Milton officials are planning a new round of water-system projects to fix existing infrastructure and prepare for future development.
Public Works Supervisor Greg Wingo unveiled a list of 14 projects to town council June 3 that the town should tackle in the next five-to-seven years. Those projects will be discussed and refined by the water committee before going back to council.
At the committee’s June 12 meeting, two priorities were identified.
The first is replacing water mains at Atlantic Avenue and along Chestnut Street from Front Street to Coulter Street. Wingo said the project design is 95 percent complete, and once that work is done, the town can look for funding. Town Manager Kristy Rogers said she has begun preliminary discussions with the U.S. Department of Agriculture for funding; while costs are not finalized, early estimates from town officials put the cost at about $1.2 million. Rogers said a better estimate will come once plans are finalized.
Rogers said the town may have to wait until next year to put in their request for funding and that the project could be subject to referendum.
The second project was replacing an existing water main from Atlantic Street to Cave Neck Road, upgrading from a 4-inch pipe to an 8-inch pipe.
This project, estimated at a shade under $1 million, is a priority because the larger main is necessary for sufficient flow to the upcoming Cannery Village IV development, across from Dogfish Head’s delivery entrance on Cave Neck Road. While the developer is responsible for paying for tie-ins to the system, it is the town’s responsibility to ensure the infrastructure is there to serve it.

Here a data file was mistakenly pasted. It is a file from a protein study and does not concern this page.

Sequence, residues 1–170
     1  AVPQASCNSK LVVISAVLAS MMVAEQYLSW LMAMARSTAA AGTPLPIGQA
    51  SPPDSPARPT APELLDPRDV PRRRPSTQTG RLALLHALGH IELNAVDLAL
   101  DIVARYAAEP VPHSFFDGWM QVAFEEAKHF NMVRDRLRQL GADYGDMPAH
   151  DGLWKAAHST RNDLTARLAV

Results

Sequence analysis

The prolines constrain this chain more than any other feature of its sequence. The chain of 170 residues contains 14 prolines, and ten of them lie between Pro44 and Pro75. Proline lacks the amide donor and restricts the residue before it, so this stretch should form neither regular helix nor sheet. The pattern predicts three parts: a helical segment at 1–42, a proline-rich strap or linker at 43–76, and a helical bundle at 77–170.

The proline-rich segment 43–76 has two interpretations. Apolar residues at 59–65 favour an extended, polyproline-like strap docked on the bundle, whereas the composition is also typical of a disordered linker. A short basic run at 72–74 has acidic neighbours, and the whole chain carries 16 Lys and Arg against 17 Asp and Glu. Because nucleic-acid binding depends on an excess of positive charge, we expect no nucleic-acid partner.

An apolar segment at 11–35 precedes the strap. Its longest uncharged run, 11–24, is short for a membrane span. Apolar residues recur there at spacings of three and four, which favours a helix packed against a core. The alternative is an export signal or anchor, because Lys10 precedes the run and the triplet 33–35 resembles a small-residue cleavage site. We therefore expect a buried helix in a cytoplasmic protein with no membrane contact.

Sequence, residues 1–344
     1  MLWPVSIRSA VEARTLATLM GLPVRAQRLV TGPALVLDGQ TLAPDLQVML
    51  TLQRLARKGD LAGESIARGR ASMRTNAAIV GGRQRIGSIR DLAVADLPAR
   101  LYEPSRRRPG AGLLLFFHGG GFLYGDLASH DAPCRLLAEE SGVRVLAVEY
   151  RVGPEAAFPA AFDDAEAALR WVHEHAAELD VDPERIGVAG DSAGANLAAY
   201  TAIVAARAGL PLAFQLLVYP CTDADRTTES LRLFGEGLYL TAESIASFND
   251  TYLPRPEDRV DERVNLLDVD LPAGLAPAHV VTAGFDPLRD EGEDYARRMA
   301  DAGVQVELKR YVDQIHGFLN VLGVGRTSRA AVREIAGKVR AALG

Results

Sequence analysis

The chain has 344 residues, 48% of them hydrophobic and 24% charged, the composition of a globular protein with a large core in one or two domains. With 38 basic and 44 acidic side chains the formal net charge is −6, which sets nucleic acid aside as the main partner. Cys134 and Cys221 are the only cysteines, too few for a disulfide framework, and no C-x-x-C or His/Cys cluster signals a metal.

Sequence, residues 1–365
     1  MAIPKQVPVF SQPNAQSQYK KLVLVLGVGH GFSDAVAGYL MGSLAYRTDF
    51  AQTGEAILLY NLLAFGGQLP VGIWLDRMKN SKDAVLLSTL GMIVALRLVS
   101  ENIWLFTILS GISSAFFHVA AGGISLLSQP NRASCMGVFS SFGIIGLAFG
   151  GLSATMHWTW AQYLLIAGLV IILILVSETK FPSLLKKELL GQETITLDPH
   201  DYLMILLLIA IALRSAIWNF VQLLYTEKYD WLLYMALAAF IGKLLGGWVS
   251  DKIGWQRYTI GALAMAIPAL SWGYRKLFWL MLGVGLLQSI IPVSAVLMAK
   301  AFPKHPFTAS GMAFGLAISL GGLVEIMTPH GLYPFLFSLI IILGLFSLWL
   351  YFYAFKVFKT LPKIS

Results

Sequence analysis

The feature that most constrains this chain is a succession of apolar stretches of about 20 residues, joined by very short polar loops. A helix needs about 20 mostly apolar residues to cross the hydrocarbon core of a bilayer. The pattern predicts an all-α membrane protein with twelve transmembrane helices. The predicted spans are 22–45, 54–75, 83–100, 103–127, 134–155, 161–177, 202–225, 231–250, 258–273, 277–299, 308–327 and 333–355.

Piggybacking off that project would be an extension of the water main down Sam Lucas Road. How the town gets there is still up for discussion.
Wingo has presented two options. The first, build a new main from Front Street to Sam Lucas Road then partway down Sam Lucas Road and cutting through private land before looping into Heritage Creek.
This proposal, estimated at $4.3 million, would require a 12-inch water main and an easement through privately owned land.
The second option, preferred by town officials but also more expensive, would go from Front Street to Sam Lucas Road, all the way down Sam Lucas Road and meet up with the existing system at the intersection of Harbeson Road and Heritage Boulevard. This would, in effect, loop the entire system together. This option, on town-owned land, has been estimated to cost $6 million. Wingo said the town will also need to hold talks with Tidewater Utilities to determine how the main would tie in to Tidewater’s new sewer plant to be built on Sam Lucas Road.
A number of the projects on Wingo’s list are already underway, including the new water main loop from West Shore Drive to Federal Street - which should be completed in the next 30 to 45 days - and a new well and water treatment facility at Shipbuilder’s Village.
Wingo said permits and testing for the Shipbuilder’s well should be completed in the next two to three weeks before construction begins. He said the new treatment facility should be completed by the beginning of 2020.
Among the newer projects are upgrades at the Chandler Street water treatment facility. Wingo said he wants to fix electrical issues at the facility and upgrade it to have the same system as the facility at Shipbuilder’s. No designs or cost figures have been presented or discussed.